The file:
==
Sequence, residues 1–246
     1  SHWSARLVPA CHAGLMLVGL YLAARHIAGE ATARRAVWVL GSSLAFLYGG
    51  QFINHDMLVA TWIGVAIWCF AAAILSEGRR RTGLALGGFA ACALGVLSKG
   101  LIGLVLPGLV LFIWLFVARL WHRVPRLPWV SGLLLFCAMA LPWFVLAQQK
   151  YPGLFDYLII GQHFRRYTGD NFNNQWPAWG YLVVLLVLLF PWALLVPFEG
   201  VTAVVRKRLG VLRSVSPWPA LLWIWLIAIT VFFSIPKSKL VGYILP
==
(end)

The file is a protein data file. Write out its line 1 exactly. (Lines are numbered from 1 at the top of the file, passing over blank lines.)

Sequence, residues 1–246